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The percentage of the world's population living in extreme poverty has halved since 1981. The graph shows estimates and projections from the World Bank 1981–2009.

Extreme poverty is the most severe state of poverty. Many cannot meet basic needs for food, water, shelter, sanitation, and health care.[1] To determine the affected population, the World Bank defines extreme poverty as living on less than $1.25 per day (adjusted for PPP).[2] The World Bank estimates that 1.4 billion people currently live under these conditions.[2]

In 1996 the following definition taken from Joseph Wresinski, founder of ATD Fourth World was taken up by the UN Sub-Commission on the Promotion and Protection of Human Rights in the Despouy Report on Human Rights and Extreme Poverty[1].

"The lack of basic security connotes the absence of one or more factors enabling individuals and families to assume basic responsibilities and to enjoy fundamental rights. The situation may become widespread and result in more serious and permanent consequences. The lack of basic security leads to chronic poverty when it simultaneously affects several aspects of people’s lives, when it is prolonged and when it severely compromises people’s chances of regaining their rights and of reassuming their responsibilities in the foreseeable future."[3]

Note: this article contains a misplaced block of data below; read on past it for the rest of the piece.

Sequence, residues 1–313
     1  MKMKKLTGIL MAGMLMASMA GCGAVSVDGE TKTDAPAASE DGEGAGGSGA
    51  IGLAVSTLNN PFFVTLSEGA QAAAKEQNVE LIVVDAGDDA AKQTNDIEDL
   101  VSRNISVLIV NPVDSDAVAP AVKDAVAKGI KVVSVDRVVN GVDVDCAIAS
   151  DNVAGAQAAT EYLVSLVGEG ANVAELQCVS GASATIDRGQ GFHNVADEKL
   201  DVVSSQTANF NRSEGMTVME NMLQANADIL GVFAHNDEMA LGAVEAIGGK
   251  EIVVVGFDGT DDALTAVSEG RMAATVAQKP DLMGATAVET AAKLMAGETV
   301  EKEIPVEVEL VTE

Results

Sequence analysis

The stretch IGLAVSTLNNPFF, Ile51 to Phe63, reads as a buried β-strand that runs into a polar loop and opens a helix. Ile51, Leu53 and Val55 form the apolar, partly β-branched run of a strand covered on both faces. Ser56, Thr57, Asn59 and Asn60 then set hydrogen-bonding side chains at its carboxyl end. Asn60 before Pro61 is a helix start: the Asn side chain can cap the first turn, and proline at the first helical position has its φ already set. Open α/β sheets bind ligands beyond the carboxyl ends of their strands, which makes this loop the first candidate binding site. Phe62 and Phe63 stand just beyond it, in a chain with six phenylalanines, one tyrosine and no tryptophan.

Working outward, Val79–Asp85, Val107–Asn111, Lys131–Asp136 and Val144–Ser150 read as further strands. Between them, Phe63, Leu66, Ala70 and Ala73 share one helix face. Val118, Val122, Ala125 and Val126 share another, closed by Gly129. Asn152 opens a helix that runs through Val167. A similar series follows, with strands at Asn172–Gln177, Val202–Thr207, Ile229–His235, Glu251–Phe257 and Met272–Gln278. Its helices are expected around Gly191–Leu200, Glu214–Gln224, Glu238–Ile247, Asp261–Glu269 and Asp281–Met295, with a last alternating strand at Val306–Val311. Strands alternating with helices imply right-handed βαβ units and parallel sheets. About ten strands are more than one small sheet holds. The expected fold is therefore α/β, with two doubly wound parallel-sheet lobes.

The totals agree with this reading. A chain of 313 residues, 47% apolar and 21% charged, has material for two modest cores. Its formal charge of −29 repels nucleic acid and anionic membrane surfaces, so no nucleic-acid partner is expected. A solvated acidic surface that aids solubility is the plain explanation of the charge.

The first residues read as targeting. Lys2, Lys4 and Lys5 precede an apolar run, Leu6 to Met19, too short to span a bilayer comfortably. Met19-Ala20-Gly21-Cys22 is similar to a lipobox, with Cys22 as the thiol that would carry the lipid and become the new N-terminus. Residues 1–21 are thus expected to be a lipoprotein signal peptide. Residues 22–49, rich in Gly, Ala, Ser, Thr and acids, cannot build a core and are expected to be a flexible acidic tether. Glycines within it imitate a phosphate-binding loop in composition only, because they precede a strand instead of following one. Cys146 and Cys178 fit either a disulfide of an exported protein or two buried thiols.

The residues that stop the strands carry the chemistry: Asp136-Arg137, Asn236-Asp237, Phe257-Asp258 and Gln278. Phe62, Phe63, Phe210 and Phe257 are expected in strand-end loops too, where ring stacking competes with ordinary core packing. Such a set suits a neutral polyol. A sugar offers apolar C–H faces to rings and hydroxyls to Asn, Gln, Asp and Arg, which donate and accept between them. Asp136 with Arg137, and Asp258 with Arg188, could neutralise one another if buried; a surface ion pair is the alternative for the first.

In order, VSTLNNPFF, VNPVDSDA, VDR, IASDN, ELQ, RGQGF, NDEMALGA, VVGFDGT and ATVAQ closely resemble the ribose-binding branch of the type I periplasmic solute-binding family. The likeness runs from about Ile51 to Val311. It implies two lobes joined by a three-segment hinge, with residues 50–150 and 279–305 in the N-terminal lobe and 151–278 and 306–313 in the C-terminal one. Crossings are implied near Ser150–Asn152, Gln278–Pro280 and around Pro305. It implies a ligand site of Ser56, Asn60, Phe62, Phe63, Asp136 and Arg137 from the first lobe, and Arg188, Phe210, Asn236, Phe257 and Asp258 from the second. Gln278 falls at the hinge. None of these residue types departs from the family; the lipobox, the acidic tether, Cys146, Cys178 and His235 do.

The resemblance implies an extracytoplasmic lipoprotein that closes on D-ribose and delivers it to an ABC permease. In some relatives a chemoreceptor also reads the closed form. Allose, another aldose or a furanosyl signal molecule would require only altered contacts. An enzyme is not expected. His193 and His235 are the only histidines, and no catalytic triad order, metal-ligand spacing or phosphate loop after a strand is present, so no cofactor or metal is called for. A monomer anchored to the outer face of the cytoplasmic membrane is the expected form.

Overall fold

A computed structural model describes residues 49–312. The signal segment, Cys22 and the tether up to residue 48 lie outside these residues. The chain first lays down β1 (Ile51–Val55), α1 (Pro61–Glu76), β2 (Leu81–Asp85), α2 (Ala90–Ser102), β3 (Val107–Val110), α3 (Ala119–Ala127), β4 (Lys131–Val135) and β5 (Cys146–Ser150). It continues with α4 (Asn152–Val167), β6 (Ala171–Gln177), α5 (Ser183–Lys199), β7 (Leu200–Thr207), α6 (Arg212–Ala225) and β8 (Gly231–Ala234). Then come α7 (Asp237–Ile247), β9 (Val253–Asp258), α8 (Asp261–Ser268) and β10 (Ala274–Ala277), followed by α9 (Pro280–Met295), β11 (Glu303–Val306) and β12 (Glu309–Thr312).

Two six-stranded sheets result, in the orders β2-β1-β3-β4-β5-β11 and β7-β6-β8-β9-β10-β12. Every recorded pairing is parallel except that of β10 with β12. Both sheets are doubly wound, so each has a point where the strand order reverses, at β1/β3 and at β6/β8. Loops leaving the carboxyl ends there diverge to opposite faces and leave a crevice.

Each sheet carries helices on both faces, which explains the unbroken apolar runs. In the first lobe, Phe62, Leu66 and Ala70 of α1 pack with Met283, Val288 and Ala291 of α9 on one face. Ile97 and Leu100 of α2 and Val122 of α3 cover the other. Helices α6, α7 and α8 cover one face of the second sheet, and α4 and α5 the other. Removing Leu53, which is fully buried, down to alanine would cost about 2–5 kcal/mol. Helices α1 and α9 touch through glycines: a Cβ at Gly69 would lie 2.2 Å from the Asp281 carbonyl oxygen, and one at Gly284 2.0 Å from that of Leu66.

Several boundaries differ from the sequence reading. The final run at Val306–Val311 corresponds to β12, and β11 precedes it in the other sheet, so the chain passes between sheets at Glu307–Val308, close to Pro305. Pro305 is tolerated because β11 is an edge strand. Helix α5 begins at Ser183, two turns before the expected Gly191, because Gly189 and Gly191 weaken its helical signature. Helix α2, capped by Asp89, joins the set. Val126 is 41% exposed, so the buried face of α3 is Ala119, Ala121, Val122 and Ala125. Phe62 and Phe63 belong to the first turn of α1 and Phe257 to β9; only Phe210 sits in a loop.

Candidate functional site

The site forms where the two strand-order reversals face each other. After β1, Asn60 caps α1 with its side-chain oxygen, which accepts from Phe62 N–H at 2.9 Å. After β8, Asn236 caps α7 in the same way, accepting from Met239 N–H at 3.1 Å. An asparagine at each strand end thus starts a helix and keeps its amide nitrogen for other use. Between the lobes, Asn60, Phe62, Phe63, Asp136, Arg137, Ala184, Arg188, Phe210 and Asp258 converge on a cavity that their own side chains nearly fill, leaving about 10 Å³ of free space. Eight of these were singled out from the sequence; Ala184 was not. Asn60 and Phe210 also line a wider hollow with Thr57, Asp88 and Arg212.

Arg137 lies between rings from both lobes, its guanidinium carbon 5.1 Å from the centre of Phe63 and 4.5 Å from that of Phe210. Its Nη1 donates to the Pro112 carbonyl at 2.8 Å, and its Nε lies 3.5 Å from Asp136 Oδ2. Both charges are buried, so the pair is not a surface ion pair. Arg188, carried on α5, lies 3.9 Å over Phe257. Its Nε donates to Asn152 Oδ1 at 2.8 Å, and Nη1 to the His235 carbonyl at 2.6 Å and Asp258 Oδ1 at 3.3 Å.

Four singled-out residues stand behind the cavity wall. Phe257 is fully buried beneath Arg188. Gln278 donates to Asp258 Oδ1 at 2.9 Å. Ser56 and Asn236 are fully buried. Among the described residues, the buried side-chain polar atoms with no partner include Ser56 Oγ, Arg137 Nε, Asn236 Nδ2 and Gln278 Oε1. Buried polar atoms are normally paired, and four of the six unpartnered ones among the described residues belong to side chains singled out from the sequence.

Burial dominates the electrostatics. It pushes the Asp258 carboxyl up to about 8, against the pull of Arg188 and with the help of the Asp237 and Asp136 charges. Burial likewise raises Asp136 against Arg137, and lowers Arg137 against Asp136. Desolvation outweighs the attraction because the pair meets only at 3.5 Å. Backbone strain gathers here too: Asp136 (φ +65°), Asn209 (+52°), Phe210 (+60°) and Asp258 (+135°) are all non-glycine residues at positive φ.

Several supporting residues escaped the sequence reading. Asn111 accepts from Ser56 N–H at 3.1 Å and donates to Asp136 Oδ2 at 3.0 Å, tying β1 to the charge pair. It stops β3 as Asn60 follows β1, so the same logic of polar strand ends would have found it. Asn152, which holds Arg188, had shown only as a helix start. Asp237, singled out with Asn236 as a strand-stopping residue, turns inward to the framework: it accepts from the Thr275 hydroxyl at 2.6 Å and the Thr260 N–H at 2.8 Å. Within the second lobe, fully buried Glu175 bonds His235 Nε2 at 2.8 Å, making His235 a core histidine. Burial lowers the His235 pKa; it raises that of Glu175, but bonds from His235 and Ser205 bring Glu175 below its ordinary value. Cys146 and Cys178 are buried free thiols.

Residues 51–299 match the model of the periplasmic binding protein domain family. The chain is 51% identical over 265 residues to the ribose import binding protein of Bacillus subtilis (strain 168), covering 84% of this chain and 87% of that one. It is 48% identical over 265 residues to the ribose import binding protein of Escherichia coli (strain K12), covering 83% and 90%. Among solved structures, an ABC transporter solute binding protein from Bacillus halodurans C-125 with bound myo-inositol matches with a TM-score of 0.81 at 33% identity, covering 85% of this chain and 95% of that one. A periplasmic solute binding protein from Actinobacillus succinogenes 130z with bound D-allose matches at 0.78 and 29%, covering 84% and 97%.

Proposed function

The eradication of extreme poverty and hunger was the first Millennium Development Goal, as set by 179 United Nations Member States in 2000. Economists and activists consider epidemic diseases (AIDS, malaria, tuberculosis) as crucial factors in and consequences of extreme poverty.

Extreme poverty is most common in Sub-Saharan Africa, and South Asia. The proportion of people in extreme poverty fell from 59 to 19 percent during the 20th century and is now the lowest in history.

See also


  1. ^ Sachs, Jeffrey (2005). The End of Poverty: Economic Possibilities for Our Time Penguin Press Hc ISBN 1-59420-045-9
  2. ^ a b "World Bank Press Release".,,contentMDK:21881954~pagePK:34370~piPK:34424~theSitePK:4607,00.html.  
  3. ^ (E/CN.4/Sub.2/1996/13)
  • Jones, Gareth Stedman (2004) An End to Poverty? Profile Books LTD ISBN 1-86197-729-8

External links


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